Like dublin by DS Maolalai

under the boiling pot
dropped leaves
smolder; the top of a litterbin
filled with cigarettes
and reducing to soup
on a dry afternoon. summer,
full of that smoky air
and missing fire. those little pops and cracks
like walking barefoot
and stepping on crisp packets. like dublin;
walking up o’connell street
while the sun shines
and everyone dresses
comfortably. men in shorts, t-shirts
and football jerseys
sliding over chests and bellies
as if loose water
were tumbling on rocks.
women too;
those airy dresses,
showing more of their legs
than the men even. sunglasses all over,
black as burned vegetables. earth slipping, filling with scent
and a hot meat market. in the pot at home,
outside of the city,
vegetables boil among fistfuls of ham. the air is humid,
the windows shut, full of steam
and the smell of toasting broccoli.
at the kitchen table
I open my shirt down as far as the belly,
lean back, and remember walking
home.

DS Maolalai has been nominated for Best of the Web and twice for the Pushcart Prize. His poetry has been released in two collections, Love is Breaking Plates in the Garden” (Encircle Press, 2016) and “Sad Havoc Among the Birds” (Turas Press, 2019)

Un Chien Andalou by James Penha

after—well after—Luis Buñuel’s 1929 film

I finger the stropped razor ready
to slice an eyeball
surrealistically enough
to turn my head in the clouds
cutting the moon and so who is blind?
she? he? me? eyes curbed after the bike collapses
and we are undressed for bed with ants in hand. Give her
a hand! I want to hold your hand;
the accidental dead want to hold breast and butt hold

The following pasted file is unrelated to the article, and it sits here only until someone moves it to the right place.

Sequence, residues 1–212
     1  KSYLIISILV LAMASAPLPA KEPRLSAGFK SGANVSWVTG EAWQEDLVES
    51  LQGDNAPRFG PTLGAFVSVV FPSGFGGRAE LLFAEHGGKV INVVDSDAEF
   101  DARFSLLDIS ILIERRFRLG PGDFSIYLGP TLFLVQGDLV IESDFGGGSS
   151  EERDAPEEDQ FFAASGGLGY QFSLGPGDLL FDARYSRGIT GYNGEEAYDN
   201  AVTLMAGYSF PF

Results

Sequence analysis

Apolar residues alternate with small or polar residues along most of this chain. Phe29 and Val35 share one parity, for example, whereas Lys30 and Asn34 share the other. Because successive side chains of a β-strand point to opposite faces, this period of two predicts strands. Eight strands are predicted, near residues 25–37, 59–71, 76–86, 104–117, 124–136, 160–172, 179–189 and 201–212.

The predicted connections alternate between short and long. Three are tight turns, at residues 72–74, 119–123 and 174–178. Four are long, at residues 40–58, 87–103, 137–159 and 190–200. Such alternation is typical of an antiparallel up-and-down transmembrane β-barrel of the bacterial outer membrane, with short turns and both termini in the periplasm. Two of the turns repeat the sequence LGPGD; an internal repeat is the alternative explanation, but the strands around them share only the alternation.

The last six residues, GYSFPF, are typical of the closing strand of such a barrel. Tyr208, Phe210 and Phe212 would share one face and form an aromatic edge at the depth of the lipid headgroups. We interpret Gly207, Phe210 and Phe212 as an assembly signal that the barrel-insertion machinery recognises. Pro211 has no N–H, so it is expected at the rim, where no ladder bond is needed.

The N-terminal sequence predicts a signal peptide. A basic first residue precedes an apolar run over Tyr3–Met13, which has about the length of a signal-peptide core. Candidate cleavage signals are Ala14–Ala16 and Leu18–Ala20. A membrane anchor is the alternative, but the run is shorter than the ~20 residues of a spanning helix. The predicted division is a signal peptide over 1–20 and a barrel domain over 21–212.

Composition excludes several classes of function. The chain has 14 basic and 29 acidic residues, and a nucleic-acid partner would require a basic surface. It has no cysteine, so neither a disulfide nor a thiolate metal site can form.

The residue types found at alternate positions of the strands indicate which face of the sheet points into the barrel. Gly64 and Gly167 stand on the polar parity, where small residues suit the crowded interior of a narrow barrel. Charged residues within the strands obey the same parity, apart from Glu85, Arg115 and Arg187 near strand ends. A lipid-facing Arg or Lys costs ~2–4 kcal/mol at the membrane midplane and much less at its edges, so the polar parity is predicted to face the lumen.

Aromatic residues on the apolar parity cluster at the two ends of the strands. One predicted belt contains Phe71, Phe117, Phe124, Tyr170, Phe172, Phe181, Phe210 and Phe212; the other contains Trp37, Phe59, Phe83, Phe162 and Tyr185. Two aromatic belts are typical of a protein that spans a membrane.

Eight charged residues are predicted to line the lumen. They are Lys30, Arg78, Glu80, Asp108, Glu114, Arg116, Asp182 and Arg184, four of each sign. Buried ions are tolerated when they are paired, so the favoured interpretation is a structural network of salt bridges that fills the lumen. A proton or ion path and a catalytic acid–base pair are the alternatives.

on she tosses
she will serve no fault—
the undead eschew tennis
for a strongest man competition lugging
grand steinways, church, dead
dog. Dead? The undress awakens aroused by a dick
demanding he make a man or two of himself
to read to write to duel like Burr and Hamilton
in a New Jersey meadow from which a moth
on the New Jersey shore on which a melted watch
tells who lives who dies who tells your story


A native New Yorker, James Penha has lived for the past quarter-century in Indonesia. Nominated for Pushcart Prizes in fiction and poetry, his verse appears this year in Headcase: LGBTQ Writers & Artists on Mental Health and Wellness published by Oxford UP and Lovejets: queer male poets on 200 years of Walt Whitman from Squares and Rebels. His essay “It’s Been a Long Time Coming” was featured in The New York Times “Modern Love” column in April 2016. Penha edits The New Verse News, an online journal of current-events poetry. Twitter: @JamesPenha

2019 Best of the Net Nominations

Zingara Poetry Review is happy to announce 2019’s “Best of the Net” Nominees: